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Distributing Jingū Taima

Every year, the Shinto world distributes Jingū Taima, the ofuda associated with Jingū, and more specifically with the Naiku, which enshrines Amaterasu Ōmikami. People are expected to place this ofuda on their kamidana, and venerate it for one year, before replacing it at the end of the following year. Thus, in theory, jinja would distribute one Jingū Taima per household per year.

In some areas (although not the area where I live), the priests and adherents of the local jinja go to visit every household and business, taking Jingū Taima with them and receiving the appropriate offerings from people who want them. This seems to be more common in the countryside, but it does happen in urban areas.

This year, of course, the pandemic complicates things somewhat. It seems that, in normal years, it is not uncommon for people to invite the priests or adherents inside, and they talk a bit before the ofuda is handed over. This year, Jinja Honchō is specifically suggesting that people not do that, and that if people refuse to even come to the door they should just remind them that the Jingū Taima is available at the local jinja, and leave it at that. Obviously, they are also advised to wear masks, and to go in small groups. However, the Shinto establishment is very reluctant to call for a significant reduction in these activities.

This is because the distribution of Jingū Taima is one of the most important activities undertaken by jinja, as far as the establishment is concerned. There are numerous meetings about it, and certificates for jinja that do a particularly good job. I think that a large part of this is due to the connection to pre-war practices, where the distribution of Jingū Taima was promoted by the state, but the establishment gives other reasons for continuing it now.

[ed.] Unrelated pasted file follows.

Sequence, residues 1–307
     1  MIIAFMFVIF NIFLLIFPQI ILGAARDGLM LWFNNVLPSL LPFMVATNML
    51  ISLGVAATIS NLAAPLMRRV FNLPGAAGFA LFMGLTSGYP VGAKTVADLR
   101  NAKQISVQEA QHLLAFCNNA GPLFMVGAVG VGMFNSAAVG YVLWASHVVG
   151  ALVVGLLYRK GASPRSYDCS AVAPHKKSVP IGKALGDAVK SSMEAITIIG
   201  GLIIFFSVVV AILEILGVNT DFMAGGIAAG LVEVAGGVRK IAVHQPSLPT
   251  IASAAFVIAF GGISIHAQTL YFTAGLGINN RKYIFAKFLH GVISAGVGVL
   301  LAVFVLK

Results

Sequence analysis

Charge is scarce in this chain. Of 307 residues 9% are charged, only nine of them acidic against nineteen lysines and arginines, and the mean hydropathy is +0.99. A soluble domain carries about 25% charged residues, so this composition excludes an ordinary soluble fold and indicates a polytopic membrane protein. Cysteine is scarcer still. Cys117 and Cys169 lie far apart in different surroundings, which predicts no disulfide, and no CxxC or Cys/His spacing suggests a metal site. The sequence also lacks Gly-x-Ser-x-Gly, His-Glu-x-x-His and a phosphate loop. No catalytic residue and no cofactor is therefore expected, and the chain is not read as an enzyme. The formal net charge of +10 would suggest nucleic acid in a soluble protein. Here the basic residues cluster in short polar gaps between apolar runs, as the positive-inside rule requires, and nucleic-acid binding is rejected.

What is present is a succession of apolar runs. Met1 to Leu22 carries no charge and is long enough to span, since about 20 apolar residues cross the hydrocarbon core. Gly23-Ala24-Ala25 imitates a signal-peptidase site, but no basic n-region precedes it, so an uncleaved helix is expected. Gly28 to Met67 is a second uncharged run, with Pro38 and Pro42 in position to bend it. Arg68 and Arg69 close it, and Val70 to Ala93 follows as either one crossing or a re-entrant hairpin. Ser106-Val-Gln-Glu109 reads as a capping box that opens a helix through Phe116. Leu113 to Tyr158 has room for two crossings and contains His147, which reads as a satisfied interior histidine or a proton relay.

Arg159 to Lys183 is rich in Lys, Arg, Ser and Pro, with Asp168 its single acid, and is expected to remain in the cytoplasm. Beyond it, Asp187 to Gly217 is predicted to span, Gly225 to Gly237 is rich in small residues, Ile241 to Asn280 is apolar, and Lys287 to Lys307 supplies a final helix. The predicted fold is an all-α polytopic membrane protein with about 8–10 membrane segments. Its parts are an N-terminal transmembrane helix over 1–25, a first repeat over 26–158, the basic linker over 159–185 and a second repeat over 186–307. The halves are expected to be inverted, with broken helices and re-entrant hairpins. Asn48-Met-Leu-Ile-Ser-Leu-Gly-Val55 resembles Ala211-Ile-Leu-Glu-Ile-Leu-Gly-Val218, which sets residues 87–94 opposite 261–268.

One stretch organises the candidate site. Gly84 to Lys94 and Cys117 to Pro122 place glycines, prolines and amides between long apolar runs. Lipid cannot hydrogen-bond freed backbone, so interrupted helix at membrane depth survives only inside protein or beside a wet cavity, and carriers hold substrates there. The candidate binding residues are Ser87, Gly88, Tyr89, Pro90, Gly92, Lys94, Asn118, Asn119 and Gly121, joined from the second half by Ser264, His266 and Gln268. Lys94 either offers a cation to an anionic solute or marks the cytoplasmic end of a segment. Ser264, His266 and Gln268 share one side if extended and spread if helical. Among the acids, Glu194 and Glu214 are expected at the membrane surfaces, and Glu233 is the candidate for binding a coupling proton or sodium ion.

It is, they say, an important way to promote links between people, between people and society, and between people and the kami. The number of Jingū Taima a jinja manages to distribute is taken by the establishment to be one of the most important measures of that jinja’s health.

I do not think that this is a wise, or realistic, position. The purpose of prewar State Shinto was to focus everyone’s attention on the Tennō, and on the nation. Channeling everything through Jingū, presented as the site of veneration of the Imperial ancestor kami, made a lot of sense for that. Postwar Jinja Shinto is, however, not like that. Individual local jinja are much more important, although the Tennō and Jingū do still play an important role. Putting so much emphasis on something that draws attention away from the local jinja and towars Jingū is, arguably, not a good plan.

Quite apart from that, it seems to be failing. The number of Jingū Taima distributed is falling year by year, even though the number of households is rising (as the average household size falls) and interest in jinja and even Jingū specifically is rising, as measured by the number of people who visit them.

However, Jinja Honchō cannot simply stop doing this. The money from the Jingū Taima is absolutely vital to funding the Shikinen Sengū, the 20-yearly Grand Renewal, at Isë, and that ritual is extremely important in the Shinto establishment’s image of itself, and of Shinto.

At the moment, there is no more than low-level discontent, which almost never makes it out into the open. Nevertheless, I think this is one of the points over which the Shinto establishment may face major problems in the near future.

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